Hiba (“Halo” in Moroccan) is an intimate restaurant designed for only 40 diners, with no partition between the kitchen and the dining area.
Upon entry, exposure to the restaurant space is done gradually. The visitor enters an arched corridor and walks through it alongside a perforated partition that provides glimpses into the active kitchen. After walking down the hall, the entire restaurant space was exposed.
The inspiration for the partition comes from traditional partitions in the Arab world (“Mashrabiya”) that allow for the partial separation of spaces while maintaining eye contact between them. The partition is made of a rectangular grid, some open and some closed, creating tension between the hidden and the visible. The same element also appears the restaurant’s facade outwards and produces an outward reference of the place. There is an implicit eye contact between the inside and the outside, gentle filtering of light and games of light and shadow in the afternoon.
The materiality is based on natural materials, similar to the local raw ingredients that make up the dishes served on the place and prepared in front of diners in the open kitchen.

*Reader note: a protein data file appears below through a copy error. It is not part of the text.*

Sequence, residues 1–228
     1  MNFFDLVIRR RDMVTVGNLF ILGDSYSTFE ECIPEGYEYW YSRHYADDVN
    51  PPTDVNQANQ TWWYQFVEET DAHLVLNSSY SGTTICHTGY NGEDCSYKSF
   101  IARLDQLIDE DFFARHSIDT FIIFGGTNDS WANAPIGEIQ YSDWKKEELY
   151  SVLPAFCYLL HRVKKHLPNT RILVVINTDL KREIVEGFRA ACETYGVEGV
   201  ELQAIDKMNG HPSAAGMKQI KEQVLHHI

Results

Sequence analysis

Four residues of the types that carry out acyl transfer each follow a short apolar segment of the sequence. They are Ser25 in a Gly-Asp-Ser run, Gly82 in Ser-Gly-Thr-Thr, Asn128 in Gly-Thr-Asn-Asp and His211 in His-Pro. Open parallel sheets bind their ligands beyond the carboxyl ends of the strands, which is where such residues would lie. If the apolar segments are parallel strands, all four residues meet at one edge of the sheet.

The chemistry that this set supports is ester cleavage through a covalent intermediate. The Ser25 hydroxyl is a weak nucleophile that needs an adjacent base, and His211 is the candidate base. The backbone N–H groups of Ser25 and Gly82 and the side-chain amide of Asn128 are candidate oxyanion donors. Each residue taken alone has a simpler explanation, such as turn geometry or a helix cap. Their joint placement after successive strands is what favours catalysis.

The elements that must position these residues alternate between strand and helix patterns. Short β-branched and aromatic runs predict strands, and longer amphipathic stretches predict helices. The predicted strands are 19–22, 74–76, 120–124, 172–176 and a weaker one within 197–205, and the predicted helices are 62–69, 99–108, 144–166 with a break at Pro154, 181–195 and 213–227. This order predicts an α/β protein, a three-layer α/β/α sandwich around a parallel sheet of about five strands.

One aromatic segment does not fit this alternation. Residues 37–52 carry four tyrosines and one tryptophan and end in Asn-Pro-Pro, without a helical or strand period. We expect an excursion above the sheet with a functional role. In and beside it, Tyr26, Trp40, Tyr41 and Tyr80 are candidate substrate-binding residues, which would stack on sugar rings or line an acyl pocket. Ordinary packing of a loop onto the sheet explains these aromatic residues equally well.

Natural oak is used for furniture, partitions and ceilings, and frames the cooking area. Concrete, deeply polished in a way that exposes it’s aggregates, is used for the floor, and concrete powder is used for painting additional soft elements such as a rounded ceiling and a curved bench.
Islands of natural granite stone in a rough cut or deep polishing emerge from the cooking space and are embedded in the space, creating a physical connection between the framed and low kitchen space and the dining hall. The islands used for work later become center tables used for dining and serving.
The bar is unconventional and functions as an “inverted bar” that is integrated with the perimeter carpentry that surrounds the walls of the space. The fixing of the drinks, like all cooking and hosting operations is carried out in front of the diners as the staff moves in space freely between the tables, stone islands, bar and open kitchen, and a closed back kitchen used for preparations.
Hiba functions as a home-like
Photography by Amit Geron